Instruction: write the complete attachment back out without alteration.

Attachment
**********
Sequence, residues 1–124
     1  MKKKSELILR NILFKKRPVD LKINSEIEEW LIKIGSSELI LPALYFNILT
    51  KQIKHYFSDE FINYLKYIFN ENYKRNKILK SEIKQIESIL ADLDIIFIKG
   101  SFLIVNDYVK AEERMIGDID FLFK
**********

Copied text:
Sequence, residues 1–124
     1  MKKKSELILR NILFKKRPVD LKINSEIEEW LIKIGSSELI LPALYFNILT
    51  KQIKHYFSDE FINYLKYIFN ENYKRNKILK SEIKQIESIL ADLDIIFIKG
   101  SFLIVNDYVK AEERMIGDID FLFK